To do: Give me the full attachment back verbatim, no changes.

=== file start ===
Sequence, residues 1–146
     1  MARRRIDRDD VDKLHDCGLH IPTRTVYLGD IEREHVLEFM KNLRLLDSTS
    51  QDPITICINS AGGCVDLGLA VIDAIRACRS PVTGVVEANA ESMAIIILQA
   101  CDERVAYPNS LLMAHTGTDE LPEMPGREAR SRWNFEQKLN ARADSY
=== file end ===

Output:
Sequence, residues 1–146
     1  MARRRIDRDD VDKLHDCGLH IPTRTVYLGD IEREHVLEFM KNLRLLDSTS
    51  QDPITICINS AGGCVDLGLA VIDAIRACRS PVTGVVEANA ESMAIIILQA
   101  CDERVAYPNS LLMAHTGTDE LPEMPGREAR SRWNFEQKLN ARADSY